1. Our next Q&A session is on the topic of Christmas and dementia.This time we want our Q&A to involve our resident experts, you! Share tips and advice on navigating Christmas here in this thread.

    Pop by and post your questions or if you prefer you can email your question to us at talkingpoint@alzheimers.org.uk and we'll be happy to ask them on your behalf.
  1. sony

    sony Registered User


    I'm not sure if this is on the right board....feel free to move it if necessary. I'm also not sure if this programme will be suitable viewing for many....... On BBC1 tonight at 8.30pm, Panorama - Please Look After Mum is described as 'Documentary reporting on abuse in care homes for the elderly.' It is definately on BBC Northern Ireland, not sure about the rest of the UK? Hope this is helpful.

    Here's the link: http://news.bbc.co.uk/1/hi/programmes/panorama/6332327.stm

  2. lindaj

    lindaj Registered User

    Jan 15, 2007
    Thanks for that will make sure I don't miss it.
  3. Jackie

    Jackie Registered User

    Oct 9, 2003
    Are they reporting on just the Halifax area or in general across the UK?
  4. Margarita

    Margarita Registered User

    Feb 17, 2006
    Thanks for that shall watch it .

    I look at are local TV magzine .I am in london and its on tonight
  5. Amy

    Amy Registered User

    Jan 4, 2006
    Only posting this, so that if anyone else feels the same they know that they are not on their own - but just cannot face watching this programme.
  6. connie

    connie Registered User

    Mar 7, 2004
    Amen to that Amy. Shall just have to read about it.
  7. Grannie G

    Grannie G Volunteer Moderator

    Apr 3, 2006
    I couldn`t watch it either. In the first place my husband was with me and in the second place I had a good idea what we`d be seeing and was unable to face it.
  8. noelphobic

    noelphobic Registered User

    Feb 24, 2006
    I did watch the programme and thought they raised some good points. They talked several times about the fact that children could not be treated in this way without the perpetrators being in a lot of trouble. The programme also did not show the CSCI in a good light. It mentioned at the end that an attempt to have private home residents covered by the Human Rights Act had recently failed.
  9. Kayla

    Kayla Registered User

    May 14, 2006
    I've just seen the Panorama programme and I feel really sorry for all the excellent homes who provide good care for their residents. Only three homes were shown in just one area of the country and the three or four elderly people on the film had certainly suffered greatly. However, the impression given was that all homes were like this, which is untrue.
    My Mum has been in two care homes and a nursing home which have all been of a high standard. Other people I know have told me of good homes which their relatives are happy in. I don't think the programme gave a very balanced view at all. There may be room for improvement in Halifax, but that doesn't seem to have much relevence to the rest of the country.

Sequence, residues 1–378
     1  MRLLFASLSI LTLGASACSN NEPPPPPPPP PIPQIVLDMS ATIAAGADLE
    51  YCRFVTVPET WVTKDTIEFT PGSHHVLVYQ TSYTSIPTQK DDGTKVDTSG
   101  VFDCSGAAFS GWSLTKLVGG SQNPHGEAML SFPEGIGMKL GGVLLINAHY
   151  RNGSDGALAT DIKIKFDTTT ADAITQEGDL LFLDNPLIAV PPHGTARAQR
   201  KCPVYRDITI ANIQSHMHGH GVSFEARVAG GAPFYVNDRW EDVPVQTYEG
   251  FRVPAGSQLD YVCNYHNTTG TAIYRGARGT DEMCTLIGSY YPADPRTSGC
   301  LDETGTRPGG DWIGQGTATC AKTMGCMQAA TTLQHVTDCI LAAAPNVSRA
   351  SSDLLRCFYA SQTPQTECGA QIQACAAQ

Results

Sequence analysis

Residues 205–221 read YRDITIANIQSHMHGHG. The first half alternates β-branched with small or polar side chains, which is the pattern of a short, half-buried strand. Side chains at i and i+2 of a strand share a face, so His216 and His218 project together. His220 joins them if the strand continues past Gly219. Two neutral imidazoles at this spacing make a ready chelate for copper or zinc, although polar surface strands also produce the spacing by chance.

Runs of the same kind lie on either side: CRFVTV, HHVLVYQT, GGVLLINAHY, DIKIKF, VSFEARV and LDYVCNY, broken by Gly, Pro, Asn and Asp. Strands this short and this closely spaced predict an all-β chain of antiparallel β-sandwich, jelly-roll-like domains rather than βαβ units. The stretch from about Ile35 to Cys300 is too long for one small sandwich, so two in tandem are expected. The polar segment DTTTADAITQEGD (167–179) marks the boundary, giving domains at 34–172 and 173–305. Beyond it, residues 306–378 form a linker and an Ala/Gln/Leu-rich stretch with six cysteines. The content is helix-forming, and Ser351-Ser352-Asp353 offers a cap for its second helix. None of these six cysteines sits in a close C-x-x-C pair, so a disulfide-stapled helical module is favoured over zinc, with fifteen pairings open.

I wonder how many elderly people will be put at risk because their relatives are worried by this programme? There do need to be safeguards to protect vulnerable adults, but homes are inspected regularly. Perhaps Panorama should produce another programme showing some of the many very good homes around.
  10. noelphobic

    noelphobic Registered User

    Feb 24, 2006
    I can't really see that elderly people will be put at risk because of this programme, unless it worried people so much that they refused to allow their relatives to go into homes at all. I didn't feel that it gave the impression that all homes were bad - it mentioned residents being moved to other homes which were much better. I take your point that some homes do provide very good care, but people don't make documentaries about such things. I think if it makes people more vigilant and ask more questions about the homes their relatives are in then it can only be a good thing.

    Obviously I am somewhat biased because of the fact that we did have problems with my mum's treatment in the first home she was in!
  11. Chris Edgerton

    Chris Edgerton Registered User

    Oct 22, 2003
    Warwick District
  12. Margarita

    Margarita Registered User

    Feb 17, 2006
    I saw it and it left me wishing I had not it was to sad for words , all I can think of its barbaric that in the year 2007 it can take up to 2 years to close a bad home and that the elderly are not covered by the human act right , I new this anyway but am glad now its been highlighted on TV

    yes they didi keep saying
    also that you don't treat a dogs like that, they talk to children about old people and the children attitude was that they are going to die soon.

    I am glad I saw it , glad that the BBC showed it even thought it made me sick and very sad , also just showed me how lucky I am not to live in Halifax area
  13. Nels

    Nels Registered User

    Jul 25, 2006
    Romford Essex
    I sat there last night thinking, this is not what was advertised...... have just realised that I was watching the wrong station, so thanks for the link, watched a programme about infections in babies and sat through it thinking they had changed the programme subject and it would be shown at a later date. I think it is all catching up with me.
  14. Margarita